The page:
"The Atlantic Salmon of the Yokanga are different. They are bigger. These fish will hit and run, disrupting the uninitiated anglers expectations however hardened from years of fighting other formidable fish. These fish set the bar high. Bring extra fly line and a back up rod or two."
Located on the northeastern edge of the Kola peninsula, it’s about 175 miles from Murmansk. This western Russian river empties, fused into the Barents Sea. River meets mother ocean. For a million years, the Yokanga’s waters rush, unyielding. Every year, a parade of natures enduring truth starts in June lasting through August. In early spring, a deafening roar bellows from the rivers life force, heralding the path home into tundra and taiga, the interior of the Kola Peninsula. An army of invaders, festooned in chrome and fins, staged at the rivers entrance, are about to return from two or more campaigns out there in the untamable sea. The Atlantic Salmon of the Yokanga are large and formidable. Marauders of the open ocean, they move through the powerful gates of the Yokanga like belligerent pirates raiding their home port.
Atlantic Salmon of the Yokanga show not a sign of weakness, easily jumping, swimming up and over impossible waterfalls. A well presented fly is accepted as an equitable challenge fit for a returning warrior and the angler who has been called to meet face to face with a destiny forged by an unyielding desire.
The fishing is conducted amongst boulders, glides, pools and sometimes huge springtime run off. A two handed spey rod is the correct tool of choice. Tube flies in plastic or metal are commonly used. Popular patterns include: Temple Dog, Yokanga Gold, Ally’s Shrimp (orange and yellow), Willie Gunn, Pot Bellied Pigs (various), Cascade, Green Highlander, Copper Shrimp, Garry Dog and Sunray Shadows. There will typically be a good stock of these patterns in the Lodge as well as fly tying materials and equipment.
Leave the 10lb tippet at home. If your 30lb tippet shows signs of fraying, change it. Yes, 30lb tippet is what you must have to stand a chance. There is no merit in the numbers of fish released on the Yokanga. Only the luckiest anglers get into numbers of fish on any given
day. True success is handed to the angler who plies the waters with humility and compassion. The chance at squaring off with a 30lb or 40lb Atlantic is the culmination of your journey.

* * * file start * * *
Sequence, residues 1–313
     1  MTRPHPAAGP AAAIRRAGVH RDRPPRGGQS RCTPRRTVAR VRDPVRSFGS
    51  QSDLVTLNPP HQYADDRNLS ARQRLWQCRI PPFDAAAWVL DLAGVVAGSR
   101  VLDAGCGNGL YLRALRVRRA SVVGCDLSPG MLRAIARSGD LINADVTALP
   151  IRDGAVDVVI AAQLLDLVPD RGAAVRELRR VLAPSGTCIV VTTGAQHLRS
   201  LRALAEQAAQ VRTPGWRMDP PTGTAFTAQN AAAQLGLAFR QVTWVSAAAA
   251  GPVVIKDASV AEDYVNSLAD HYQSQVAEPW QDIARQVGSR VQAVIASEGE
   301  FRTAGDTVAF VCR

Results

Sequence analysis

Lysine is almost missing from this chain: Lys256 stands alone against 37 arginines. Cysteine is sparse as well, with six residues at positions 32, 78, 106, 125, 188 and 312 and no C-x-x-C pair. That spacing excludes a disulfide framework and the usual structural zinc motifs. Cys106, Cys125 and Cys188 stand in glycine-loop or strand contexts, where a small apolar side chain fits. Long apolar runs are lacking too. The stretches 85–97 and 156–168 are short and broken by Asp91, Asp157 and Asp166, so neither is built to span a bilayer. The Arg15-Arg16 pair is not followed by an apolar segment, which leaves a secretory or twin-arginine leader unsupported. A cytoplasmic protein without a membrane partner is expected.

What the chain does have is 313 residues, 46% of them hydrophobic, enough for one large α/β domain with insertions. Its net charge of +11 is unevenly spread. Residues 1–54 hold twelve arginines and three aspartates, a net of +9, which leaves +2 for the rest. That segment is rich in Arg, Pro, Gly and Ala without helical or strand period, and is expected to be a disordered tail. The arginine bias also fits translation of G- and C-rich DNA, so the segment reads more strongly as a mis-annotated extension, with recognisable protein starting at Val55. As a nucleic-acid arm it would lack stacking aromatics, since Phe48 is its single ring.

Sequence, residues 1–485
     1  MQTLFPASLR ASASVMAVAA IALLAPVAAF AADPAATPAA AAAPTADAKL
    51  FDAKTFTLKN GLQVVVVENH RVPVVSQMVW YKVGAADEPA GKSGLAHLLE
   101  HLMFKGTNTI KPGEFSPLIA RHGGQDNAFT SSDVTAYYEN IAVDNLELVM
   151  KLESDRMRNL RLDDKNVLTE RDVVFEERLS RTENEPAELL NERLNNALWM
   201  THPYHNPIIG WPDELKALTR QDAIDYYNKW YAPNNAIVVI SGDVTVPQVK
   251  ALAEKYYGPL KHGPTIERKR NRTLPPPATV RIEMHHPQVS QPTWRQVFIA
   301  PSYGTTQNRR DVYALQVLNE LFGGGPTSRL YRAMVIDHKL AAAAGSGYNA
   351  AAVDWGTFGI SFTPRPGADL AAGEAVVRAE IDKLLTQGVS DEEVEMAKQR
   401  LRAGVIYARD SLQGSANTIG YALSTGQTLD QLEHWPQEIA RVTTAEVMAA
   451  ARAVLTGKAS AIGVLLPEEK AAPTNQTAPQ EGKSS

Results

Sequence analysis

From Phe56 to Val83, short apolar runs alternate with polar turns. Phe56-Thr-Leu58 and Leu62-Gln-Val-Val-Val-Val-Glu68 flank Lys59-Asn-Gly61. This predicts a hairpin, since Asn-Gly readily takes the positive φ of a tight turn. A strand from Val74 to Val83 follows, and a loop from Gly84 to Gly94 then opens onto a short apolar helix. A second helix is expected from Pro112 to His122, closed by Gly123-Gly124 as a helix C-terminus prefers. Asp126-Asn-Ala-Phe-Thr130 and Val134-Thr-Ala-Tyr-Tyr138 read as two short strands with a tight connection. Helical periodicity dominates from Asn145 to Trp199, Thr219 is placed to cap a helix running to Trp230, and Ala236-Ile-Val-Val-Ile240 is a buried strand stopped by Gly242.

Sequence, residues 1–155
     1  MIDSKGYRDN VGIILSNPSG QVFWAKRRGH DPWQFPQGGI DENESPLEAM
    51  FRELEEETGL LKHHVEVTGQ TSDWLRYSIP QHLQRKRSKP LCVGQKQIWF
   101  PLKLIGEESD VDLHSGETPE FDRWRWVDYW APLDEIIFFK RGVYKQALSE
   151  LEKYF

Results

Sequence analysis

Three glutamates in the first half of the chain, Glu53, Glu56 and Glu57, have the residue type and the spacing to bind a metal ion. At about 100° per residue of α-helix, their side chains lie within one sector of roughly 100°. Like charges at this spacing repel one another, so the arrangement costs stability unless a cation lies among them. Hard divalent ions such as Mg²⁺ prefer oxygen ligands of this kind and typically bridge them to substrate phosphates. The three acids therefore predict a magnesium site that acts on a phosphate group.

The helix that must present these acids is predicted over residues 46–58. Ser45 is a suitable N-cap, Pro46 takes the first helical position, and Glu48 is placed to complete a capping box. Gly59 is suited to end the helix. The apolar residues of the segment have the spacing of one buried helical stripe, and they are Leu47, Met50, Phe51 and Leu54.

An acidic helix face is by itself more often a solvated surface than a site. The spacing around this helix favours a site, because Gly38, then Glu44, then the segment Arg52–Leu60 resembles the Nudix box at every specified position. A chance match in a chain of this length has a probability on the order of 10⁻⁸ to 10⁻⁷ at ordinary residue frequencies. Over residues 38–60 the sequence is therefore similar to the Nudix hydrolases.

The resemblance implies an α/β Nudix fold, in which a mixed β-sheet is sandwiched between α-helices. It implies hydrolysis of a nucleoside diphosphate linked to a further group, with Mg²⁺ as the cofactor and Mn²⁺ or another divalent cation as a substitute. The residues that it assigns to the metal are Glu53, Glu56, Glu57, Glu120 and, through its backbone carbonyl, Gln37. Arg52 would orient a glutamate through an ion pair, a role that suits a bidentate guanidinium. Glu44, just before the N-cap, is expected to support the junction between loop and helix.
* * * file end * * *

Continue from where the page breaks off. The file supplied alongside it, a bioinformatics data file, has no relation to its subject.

The Yokanga is one of the legendary rivers on Russia's Kola Peninsula. Known for enormous trophy salmon, it wasn't until just recently that this river was opened up to foreign anglers. The Atlantic Salmon of the Yokanga are officially classified as the largest genetic strain on the Kola by the Russian scientific institution known as PINRO (Polar Research Institute of Marine Fisheries and Oceanography).
Modern transportation and geo-political shifts have combined to make it a relatively close playground for sea-run thrill seekers. Jet direct travel and polar routing has put the Kola Peninsula and the Yokanga River no further distant from our U.S. east coast than Alaska, and closer to Los Angeles than Patagonia. It's close and, for a change, the fishing is exactly what it used to be.
A trip to the Kola begins in Murmansk after either a connection from Moscow, or a direct charter flight from Helsinki. The final leg to Russia's northern peninsula wilderness is a breathtaking chopper flight passing above a broad canvas of tundra, lichen, scrub taiga and clean rivers that harbor unequaled runs of the prized silver fish. The Yokanga River is found inside the Arctic Circle at about 67.5 degrees north latitude. The landscape feels oddly familiar to Alaska and other circumpolar regions — a fusion of the barren tundra that sweeps the North American arctic, combined with the granite-bottomed rivers of British Columbia, and the slightly off-kilter wilderness of Kamchatka. It's enough to make any steelhead or king salmon junkie drool. Apart from the Cyrillic letters on the vodka bottle, everything looks just right as you string up your two-handed rod.
Reservations & Rates
The Yokanga River is a premiere Atlantic Salmon fishery. Boasting the largest Atlantic Salmon in the world with outstanding accommodations overlooking the river, it's every salmon anglers dream destination!
Package Cost: 7 night, 6.5 day packages on the Yokanga range in price from $5,500 to $17,000 per person, depending on the particular week.
Inclusions: Included in your angling package on the Yokanga is meet and greet at the airport, round trip helicopter transportation to and from the lodge, daily guided fishing, accommodations, meals, and all alcohol, wine and beer.
Not included in your angling package to Yokanga Lodge are flights to and from
Murmansk, accommodations and meals in Helsinki, fishing licenses, gratuities and Salmon (salmon must be earned!)
The Fly Shop® is not in the insurance business, but we recommend Travel Guard coverage as a service with a desire to see your best interests protected. It is impossible to know when an unfortunate situation (loss of luggage, fly rods, illness in the family, or an accident) may occur. However, such things can and do happen, and this insurance can provide a means of recourse against non-refundable financial losses. Click HERE for Travel Guard's Policies and more information
Seasons at Yokanga Lodge
"The Yokanga season runs from early spring, at the beginning of June, all the way through to autumn in August"
June ushers in the beginning of the season on the Yokanga. June is when the biggest, freshest fish move into the river. The biggest rewards in terms of big bright Atlantic Salmon are found by anglers during the early weeks. With the epic fish comes demanding wading conditions in high water. Expect to fish sinking tips in the bigger faster river conditions. Anglers can expect these early fish to be very aggressive producing truly arduous fights that put any angler, no matter what the experience, to the test.
July offers better weather, but expect volatile weather none the less! River conditions start to change with lower water the rule. The wading remains challenging amongst the large granite boulders as always. Numbers of big fish going over 20lbs can be intercepted in the riffles, runs and pools. Epic days where we loose